By Milton Herman

The internet company, Backrub, began in the dorm rooms of Stanford in 1995. By 1998, the first investment dropped for $100,000. Over the next few decades, the company went from a garage to a “Googleplex” and hired more than 60,000 employees in 50 different countries.

There are many reasons behind Google’s colossal rise. And their story is similar to a handful of other tech giants who have accomplished digital domination. One prominent reason? They only hire the best. Hiring the best requires finding the right candidate no matter where they are on the globe. In America, this involves paperwork and government red tape to stay within the law. It’s all worth it if the employee has a meaningful impact on your organization. Here’s what you need to know about sponsoring a foreign job candidate.

Key Terms

The United States Department of Labor Employment and Training Administration (DOLETA) and United States Citizenship and Immigration Services (USCIS) use codes to represent immigrant statuses. The most common are:

  • EB-1 – Priority Workers, those with “extraordinary ability” in the sciences, arts, education, business or athletics. This could be corporate executives or PhD scientists.
  • EB-2 – Similar to EB-1, but broadened to include those with anything above a bachelor’s degree.
  • EB-3 – Those with a college degree whose jobs require a minimum of two years training or work experience.
  • EB-4 – Those considered “special immigrants” who are religious workers, former employees of certain governments and more.
  • H-1B – Those who work in a specialty occupation. This includes the software engineers at tech companies like Google and Microsoft.
  • H-2A – Those performing temporary or seasonal agricultural work.
  • H-2B – Those performing temporary or seasonal non-agricultural work.

There dozens of other visa types and immigration statuses, ranging from “P” for athletes or performers to “U” for victims of human trafficking. The Bureau of Consular Affairs has a helpful directory available.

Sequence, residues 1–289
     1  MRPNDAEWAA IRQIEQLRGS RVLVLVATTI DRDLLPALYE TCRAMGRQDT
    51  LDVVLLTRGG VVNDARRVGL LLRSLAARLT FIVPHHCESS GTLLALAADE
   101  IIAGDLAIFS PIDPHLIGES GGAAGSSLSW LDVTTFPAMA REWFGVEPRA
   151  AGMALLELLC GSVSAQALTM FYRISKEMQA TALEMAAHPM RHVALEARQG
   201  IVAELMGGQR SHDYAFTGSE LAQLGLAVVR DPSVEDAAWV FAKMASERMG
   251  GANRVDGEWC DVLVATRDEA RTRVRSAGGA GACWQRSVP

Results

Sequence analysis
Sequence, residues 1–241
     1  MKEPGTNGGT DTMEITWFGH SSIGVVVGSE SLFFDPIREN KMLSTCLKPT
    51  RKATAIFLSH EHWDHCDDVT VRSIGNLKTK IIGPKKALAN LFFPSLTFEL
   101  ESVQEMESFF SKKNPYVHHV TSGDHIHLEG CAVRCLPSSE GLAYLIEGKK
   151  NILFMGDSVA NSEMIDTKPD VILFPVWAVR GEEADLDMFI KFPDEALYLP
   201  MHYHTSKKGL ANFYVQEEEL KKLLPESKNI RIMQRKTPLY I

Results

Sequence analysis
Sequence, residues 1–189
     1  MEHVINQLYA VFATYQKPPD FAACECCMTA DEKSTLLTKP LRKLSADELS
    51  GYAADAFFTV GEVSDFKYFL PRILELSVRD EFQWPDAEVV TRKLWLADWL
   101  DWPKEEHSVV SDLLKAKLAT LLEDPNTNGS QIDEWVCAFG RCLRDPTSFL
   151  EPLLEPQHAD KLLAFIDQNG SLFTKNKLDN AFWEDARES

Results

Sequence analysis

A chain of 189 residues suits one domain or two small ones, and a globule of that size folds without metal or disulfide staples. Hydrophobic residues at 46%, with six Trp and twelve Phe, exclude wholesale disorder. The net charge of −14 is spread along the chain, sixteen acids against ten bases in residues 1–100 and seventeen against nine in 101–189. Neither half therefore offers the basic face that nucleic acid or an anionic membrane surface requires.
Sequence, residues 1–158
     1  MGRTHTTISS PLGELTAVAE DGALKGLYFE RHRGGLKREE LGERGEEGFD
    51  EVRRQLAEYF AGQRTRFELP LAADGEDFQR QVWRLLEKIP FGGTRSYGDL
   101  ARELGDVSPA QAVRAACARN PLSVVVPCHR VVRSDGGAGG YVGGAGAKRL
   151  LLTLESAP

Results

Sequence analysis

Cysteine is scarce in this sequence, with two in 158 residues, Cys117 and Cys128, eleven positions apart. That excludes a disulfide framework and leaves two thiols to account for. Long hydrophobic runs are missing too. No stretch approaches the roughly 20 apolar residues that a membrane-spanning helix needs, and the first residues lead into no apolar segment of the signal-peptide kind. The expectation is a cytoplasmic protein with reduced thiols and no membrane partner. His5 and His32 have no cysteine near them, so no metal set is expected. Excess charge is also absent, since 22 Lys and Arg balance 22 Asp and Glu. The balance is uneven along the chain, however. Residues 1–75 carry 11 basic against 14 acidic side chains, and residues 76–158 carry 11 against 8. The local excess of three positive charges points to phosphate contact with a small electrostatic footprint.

Submit the Labor Condition Application (LCA)

This form is completed on behalf of the worker and is a request to move them out of their current immigration status. The document is submitted to the DOLETA. It requires information about the wage environment (co-worker wages and wages in the geographical area) and working conditions. There must not be a current work stoppage and the employee must be notified and provided a copy of the document.

Note: Knowingly fabricating information on this document can result in a $10,000 fine and prison time.

File Form I-140 (Immigrant Petition for Alien Worker)

This form is used for EB-1, EB-2 and EB-3 workers. Specialty forms are available for EB-4 and EB-5. This form requires evidence that there is not enough U.S. workers to fill the position. There’s $700 filing fee to submit the six page form. DOLETA approves or rejects this petition. The approval rate for EB-2 and EB-3 statuses ranged from 47 percent to 62 percent from 2005-2010. Meanwhile, researchers or professors filed an EB-1, had a 90 to 95 percent approval rating.

DOLETA does not provide a timetable for approval or a timeline for when a sponsored employee can lawfully migrate. After the sponsorship is approved, the employee can begin the process of obtaining a green card for permanent residency.


Legislation passed in 1998 added the possibility of an employee being classified as a H-1B-dependent employer. This means the company has:

  • 25 or fewer full-time equivalent employees and at least eight H-1B nonimmigrant workers; or
  • 26-50 full-time equivalent employees and at least 13 H-1B nonimmigrant workers; or
  • 51 or more full-time equivalent employees of whom 15 percent or more are H-1B
    nonimmigrant workers.

Employees who make more than $60,000 annually or have a master’s degree are exempt. This status brings additional government scrutiny and may lead to penalties if the company is not making an effort to bring in American workers.

Another wrinkle in the law is that H-1B recipients must have an employee/employer relationship. That can be tricky for startups where the immigrant involved is the co-founder or at the executive level and has the power to hire and fire. Startups must provide proof that a board of directors or another entity has control over the immigrant’s employment (i.e. can fire them).

As a former journalist, Milton Herman loves a good story. As customer success manager, he develops compelling customer narratives. He’s also a content strategist, writer and Slack evangelist. He’s passionate about sports, travel and learning. Follow him on Twitter. @MiltonDHerman